Those Muslims who claim that the Qur'an is exactly the same today as it was when first delivered by Muhammad, nothing varied, added or omitted, have to reckon with such evidences that much is indeed missing from the standardised text. Some take the convenient and easy way out and simply declare such records to be fabricated, but others, more inclined to take them seriously, have another answer to the problem. They say such passages have been abrogated and that such abrogation was decreed by Allah himself during Muhammad's own lifetime while the Qur'an was still being completed. Let us give some attention to this claim.


This is a doctrine which is spurned by many Muslims who believe it reflects most unfavourably on the supposed textual perfection of the Qur'an, but one that is generally accepted by the more conservative Muslims and orthodox maulanas such as Desai. The doctrine is based fairly and squarely on the teaching of the Qur'an itself, in particular the following verse:

In the early days of Islam this text was taken to mean that parts of the Qur'an could become mansukh (abrogated) while other fresh revelations, the naskh texts, were sent down to replace them. Both the great commentators al-Baidawi and Zamakshari taught emphatically that the abrogated verses should no longer be recited and that any laws based on them were to be regarded as annulled. It was generally believed that the abrogated verses were deleted from the Qur'an by Jibril (the angel said to have transmitted the Qur'an to Muhammad - Surah 2.98), though in many cases both the original text and the one abrogating its dicta are said to have been retained and are still part of the Qur'an text.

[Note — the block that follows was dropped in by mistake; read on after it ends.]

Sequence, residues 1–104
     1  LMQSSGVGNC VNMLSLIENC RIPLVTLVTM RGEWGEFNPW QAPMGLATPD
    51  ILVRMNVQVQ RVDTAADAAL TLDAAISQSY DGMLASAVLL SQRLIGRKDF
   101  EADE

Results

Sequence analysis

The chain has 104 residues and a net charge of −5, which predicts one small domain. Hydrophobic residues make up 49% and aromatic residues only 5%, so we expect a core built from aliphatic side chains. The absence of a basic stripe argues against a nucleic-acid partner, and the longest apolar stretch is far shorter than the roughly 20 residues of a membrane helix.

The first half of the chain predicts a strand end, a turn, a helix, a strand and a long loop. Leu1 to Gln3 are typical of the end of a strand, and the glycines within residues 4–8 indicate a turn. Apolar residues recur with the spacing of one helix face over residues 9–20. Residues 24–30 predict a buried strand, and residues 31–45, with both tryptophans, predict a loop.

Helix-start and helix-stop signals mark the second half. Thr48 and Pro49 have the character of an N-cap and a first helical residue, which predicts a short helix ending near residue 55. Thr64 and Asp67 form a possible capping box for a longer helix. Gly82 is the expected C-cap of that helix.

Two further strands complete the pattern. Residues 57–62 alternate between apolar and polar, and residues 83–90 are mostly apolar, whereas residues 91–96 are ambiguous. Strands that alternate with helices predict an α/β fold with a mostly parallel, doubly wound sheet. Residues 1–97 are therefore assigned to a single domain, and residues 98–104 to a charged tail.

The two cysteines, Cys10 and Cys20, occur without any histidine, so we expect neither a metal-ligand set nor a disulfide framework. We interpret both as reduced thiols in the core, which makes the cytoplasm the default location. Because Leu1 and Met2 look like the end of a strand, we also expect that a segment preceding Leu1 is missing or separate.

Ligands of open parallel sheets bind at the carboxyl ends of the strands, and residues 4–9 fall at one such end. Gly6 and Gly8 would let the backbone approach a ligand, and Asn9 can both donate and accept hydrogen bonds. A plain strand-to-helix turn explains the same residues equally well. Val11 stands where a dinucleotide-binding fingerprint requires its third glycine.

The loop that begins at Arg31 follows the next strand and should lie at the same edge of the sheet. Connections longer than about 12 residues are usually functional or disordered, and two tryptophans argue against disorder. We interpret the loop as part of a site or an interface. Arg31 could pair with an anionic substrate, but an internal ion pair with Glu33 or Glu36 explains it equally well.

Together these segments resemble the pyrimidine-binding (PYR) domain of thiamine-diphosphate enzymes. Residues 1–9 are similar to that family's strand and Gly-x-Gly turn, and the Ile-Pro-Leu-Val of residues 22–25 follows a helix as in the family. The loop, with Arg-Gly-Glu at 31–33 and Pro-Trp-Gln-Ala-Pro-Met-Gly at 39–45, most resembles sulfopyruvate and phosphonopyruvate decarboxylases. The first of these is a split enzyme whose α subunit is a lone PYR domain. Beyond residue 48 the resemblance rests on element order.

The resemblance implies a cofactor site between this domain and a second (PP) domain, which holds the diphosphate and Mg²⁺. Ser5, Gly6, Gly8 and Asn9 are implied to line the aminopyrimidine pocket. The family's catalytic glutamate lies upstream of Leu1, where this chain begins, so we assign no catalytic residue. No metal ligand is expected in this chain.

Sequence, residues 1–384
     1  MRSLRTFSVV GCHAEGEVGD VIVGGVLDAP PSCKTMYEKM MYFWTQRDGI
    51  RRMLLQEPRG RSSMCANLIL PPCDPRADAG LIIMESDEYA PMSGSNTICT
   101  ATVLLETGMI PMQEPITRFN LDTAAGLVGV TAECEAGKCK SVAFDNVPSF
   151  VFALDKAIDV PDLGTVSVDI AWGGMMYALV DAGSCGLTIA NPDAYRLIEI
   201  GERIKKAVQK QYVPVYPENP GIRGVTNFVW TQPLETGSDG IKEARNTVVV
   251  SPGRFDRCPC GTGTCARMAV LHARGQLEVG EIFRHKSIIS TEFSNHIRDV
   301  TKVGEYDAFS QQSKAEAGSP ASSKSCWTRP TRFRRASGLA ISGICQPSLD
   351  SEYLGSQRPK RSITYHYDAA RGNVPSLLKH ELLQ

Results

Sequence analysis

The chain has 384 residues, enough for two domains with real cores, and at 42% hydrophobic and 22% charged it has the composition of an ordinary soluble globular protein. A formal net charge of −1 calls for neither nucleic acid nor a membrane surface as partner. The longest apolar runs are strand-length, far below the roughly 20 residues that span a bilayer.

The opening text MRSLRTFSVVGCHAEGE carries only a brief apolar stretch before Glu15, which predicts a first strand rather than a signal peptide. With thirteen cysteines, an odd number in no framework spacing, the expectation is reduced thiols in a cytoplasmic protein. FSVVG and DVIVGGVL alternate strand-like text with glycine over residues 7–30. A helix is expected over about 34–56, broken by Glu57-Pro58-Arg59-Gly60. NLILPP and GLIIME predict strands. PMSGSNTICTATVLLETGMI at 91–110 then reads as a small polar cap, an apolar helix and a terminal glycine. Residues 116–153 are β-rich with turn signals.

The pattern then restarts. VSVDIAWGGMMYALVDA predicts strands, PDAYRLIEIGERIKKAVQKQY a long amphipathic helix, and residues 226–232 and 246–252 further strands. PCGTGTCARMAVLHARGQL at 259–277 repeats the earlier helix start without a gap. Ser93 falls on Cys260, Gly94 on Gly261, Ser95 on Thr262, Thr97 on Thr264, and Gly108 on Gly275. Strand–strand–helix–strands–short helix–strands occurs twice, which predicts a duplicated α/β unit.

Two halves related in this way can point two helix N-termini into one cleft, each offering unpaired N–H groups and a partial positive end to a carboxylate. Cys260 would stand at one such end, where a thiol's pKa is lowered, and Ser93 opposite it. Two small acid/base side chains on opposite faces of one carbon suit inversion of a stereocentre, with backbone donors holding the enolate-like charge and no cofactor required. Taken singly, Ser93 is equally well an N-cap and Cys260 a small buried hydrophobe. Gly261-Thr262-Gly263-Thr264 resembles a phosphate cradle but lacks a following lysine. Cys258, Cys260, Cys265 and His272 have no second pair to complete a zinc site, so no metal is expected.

The relevant verse plainly states that Allah does indeed abrogate some of his ayat ("revelations"), a word often used for the text of the Qur'an itself as in Surah 3.7 where it is said that some of the ayat of the Scripture (al-Kitab) sent down to Muhammad are basic and whose meaning is obvious whereas others are allegorical (cf. also Surah 11.1). There can be no doubt, therefore, that the Qur'an does teach an abrogation of the ayat of Allah and, as this very word is used in the book for its own texts, the interpretation that it was actual verses of the Qur'an that were abrogated cannot be challenged on the grounds of exegetical fairness or probability. The word ayat is a very common Qur'anic word usually meaning the "signs" of Allah (that is, his supernatural or other portents for mankind), but it is quite obvious that it cannot be these that are said to have been abrogated. The text can only refer to revelations of scripture, it cannot refer to historical signs once these have occurred as a warning to the nations. Muslim scholars are well aware of this and the only question then is, which scriptures are in fact being spoken of here?

Thus those modern Muslim scholars who deny that any of the verses of the Qur'an have been abrogated teach instead that this text refers to the revelations of Allah to the Jews and Christians beforehand. This interpretation is unacceptable as the Qur'an nowhere specifically uses the word ayat to describe the texts of the Tawraat (the Law, the Scripture of the Jews, said to have been given to them by Moses) and the Injil (the Gospel, the Scripture of the Christians, said to have been given to them by Jesus), nor does it suggest that these previous scriptures were ever abrogated.

On the contrary the Qur'an claims to be a scripture musadiqallimaa bayna yadayhi - "confirming what went before it" (Surah 3.3), namely the Tawraat and the Injil which are specifically mentioned in the next clause. The Qur'an thus is said not to be the means of abrogating the previous revelations but rather the very opposite, namely of establishing them. Elsewhere the Jews are expressly commanded to judge by what is written in their scripture rather than come to Muhammad for judgment (Surah 5.43) and the Christians are commanded to do likewise (Surah 5.47). In addition both the Jews and the Christians are called upon to stand fast by the Tawraat and the Injil respectively and all that their Lord had revealed to them. (Surah 5.68).